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Asparagus for dessert

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1. Steam until gently softened, then juice one bunch asparagus (if using a blender, strain the juice); chill

2. Bring to a simmer 2 cups half-and-half,
1⁄4 cup sugar, pinch of salt

3. Sprinkle one packet of Knox unflavored gelatin over cool asparagus juice in a pan; allow to stand 5 minutes, then gently heat to dissolve and mix in half-and-half mixture; pour into ramekins, chill 4 hours

Updated: June 23, 2014 11:14AM

Until well into my20s, I thought I didn’t like asparagus. That’s because the asparagus I’d had as a kid came in cans; it was unappetizing, gray and stringy.

When fresh asparagus started to appear on my dinner plate, it was a revelation. The stuff was really good: crisp, slightly bitter but also a little sweet, a crunch of springtime.

People have appreciated asparagus for millennia. The flowering spring vegetable is a member of lily family, like garlic and onions, and it was depicted on Egyptian friezes carved thousands of years B.C. Ancient Romans stored asparagus in the Alps and brought it down yearly for the annual Festival of Epicurus (whose name is the root of “epicurean,” associated with the love of food).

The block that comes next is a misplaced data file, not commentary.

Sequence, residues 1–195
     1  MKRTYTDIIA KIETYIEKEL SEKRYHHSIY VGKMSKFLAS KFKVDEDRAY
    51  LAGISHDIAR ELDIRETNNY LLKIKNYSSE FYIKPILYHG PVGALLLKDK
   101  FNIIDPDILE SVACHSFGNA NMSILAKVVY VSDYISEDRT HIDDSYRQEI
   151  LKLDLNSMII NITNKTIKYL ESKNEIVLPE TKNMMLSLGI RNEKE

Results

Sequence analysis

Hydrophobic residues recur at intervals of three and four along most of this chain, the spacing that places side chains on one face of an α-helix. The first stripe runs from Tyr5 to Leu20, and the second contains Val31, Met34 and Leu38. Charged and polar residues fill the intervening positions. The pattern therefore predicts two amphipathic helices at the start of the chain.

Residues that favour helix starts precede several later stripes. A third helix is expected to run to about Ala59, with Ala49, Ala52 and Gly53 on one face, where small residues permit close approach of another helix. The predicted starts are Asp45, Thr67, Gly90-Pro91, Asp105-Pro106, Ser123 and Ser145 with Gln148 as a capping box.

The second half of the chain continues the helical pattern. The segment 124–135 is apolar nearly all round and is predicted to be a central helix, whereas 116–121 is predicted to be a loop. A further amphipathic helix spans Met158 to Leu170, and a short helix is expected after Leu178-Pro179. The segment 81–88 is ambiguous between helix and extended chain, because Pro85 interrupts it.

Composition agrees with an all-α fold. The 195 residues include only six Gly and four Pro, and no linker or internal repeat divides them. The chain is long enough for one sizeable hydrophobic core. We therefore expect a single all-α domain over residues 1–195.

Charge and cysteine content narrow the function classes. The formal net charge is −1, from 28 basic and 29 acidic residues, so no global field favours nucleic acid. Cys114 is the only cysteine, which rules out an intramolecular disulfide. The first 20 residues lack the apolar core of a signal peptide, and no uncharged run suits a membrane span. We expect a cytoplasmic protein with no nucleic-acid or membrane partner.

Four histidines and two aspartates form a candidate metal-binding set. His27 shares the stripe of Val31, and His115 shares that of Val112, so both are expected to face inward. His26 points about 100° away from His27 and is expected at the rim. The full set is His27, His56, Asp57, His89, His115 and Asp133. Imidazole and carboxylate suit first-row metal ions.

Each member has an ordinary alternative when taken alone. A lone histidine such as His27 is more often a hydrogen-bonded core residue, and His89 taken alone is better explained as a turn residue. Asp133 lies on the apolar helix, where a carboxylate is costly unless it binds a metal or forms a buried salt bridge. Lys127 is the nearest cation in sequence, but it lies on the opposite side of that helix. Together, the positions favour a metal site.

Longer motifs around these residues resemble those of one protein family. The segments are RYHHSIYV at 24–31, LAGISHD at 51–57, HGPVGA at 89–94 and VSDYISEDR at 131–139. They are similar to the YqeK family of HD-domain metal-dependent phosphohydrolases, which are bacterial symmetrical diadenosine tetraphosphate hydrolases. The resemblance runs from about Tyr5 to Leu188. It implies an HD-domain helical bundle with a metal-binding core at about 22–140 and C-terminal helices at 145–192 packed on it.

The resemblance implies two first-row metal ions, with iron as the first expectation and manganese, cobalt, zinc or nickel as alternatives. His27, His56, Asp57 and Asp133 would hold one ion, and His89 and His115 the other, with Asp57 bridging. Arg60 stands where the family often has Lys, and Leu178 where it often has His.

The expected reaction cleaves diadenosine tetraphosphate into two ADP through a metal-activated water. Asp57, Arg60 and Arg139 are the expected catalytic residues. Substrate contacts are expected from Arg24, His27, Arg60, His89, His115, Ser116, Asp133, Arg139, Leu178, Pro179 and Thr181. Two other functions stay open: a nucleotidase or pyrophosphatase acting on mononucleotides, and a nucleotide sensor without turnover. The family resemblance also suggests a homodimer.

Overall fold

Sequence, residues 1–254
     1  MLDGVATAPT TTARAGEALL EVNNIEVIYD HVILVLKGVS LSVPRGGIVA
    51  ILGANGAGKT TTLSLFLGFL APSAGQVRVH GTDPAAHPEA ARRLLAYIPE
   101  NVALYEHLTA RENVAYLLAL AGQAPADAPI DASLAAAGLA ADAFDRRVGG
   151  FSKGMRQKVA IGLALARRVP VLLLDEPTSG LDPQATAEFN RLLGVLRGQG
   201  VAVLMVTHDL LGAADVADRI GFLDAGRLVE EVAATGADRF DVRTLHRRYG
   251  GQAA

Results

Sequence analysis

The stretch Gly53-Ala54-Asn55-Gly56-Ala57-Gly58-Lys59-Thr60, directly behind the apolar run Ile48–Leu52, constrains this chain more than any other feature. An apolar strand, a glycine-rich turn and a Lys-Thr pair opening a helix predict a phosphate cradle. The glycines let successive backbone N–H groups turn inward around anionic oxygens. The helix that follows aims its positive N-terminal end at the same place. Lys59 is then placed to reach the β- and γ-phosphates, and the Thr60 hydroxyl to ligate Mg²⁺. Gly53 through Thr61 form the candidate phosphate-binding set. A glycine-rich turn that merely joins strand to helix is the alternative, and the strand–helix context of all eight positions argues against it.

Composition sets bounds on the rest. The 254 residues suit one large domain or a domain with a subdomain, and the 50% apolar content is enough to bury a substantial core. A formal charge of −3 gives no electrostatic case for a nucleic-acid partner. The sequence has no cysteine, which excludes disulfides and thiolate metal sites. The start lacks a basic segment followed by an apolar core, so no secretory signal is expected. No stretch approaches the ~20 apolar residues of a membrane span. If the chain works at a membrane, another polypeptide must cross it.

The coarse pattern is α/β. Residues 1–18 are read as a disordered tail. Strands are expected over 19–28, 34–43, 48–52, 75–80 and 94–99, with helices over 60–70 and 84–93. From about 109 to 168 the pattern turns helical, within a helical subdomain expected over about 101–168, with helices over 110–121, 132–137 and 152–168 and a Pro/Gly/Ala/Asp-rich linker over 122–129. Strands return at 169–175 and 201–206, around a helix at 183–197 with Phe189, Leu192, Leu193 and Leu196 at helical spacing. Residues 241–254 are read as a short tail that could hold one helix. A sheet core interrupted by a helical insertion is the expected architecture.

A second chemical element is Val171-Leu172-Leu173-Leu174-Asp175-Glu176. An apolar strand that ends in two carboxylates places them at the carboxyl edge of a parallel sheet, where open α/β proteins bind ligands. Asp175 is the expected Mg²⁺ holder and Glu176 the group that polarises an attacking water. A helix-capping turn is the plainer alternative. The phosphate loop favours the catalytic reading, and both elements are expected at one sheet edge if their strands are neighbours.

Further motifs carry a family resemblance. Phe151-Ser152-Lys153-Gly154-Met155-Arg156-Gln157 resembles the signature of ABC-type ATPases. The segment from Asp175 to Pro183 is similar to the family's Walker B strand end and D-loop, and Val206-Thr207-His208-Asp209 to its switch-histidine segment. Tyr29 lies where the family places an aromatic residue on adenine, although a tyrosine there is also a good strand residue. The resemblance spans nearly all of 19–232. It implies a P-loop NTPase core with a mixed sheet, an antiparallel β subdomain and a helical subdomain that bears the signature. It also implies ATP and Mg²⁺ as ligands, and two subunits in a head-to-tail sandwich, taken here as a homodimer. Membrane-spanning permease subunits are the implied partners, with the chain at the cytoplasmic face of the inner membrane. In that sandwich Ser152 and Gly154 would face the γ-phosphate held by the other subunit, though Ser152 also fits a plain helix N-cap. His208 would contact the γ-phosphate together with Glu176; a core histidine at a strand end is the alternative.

We encountered asparagus panna cotta for the first time at Macku Signature (2925 N Halsted).

Here is a simplified version of Chef Macku’s recipe for this surprising dessert made of asparagus. If you want to get fancy, you can, like Macku, add fresh berries and a berry puree, all topped with whipped cream. Our recipe for asparagus panna cotta is versatile; in fact, because you juice the asparagus, you can use asparagus spears even after they’ve gone to seed.

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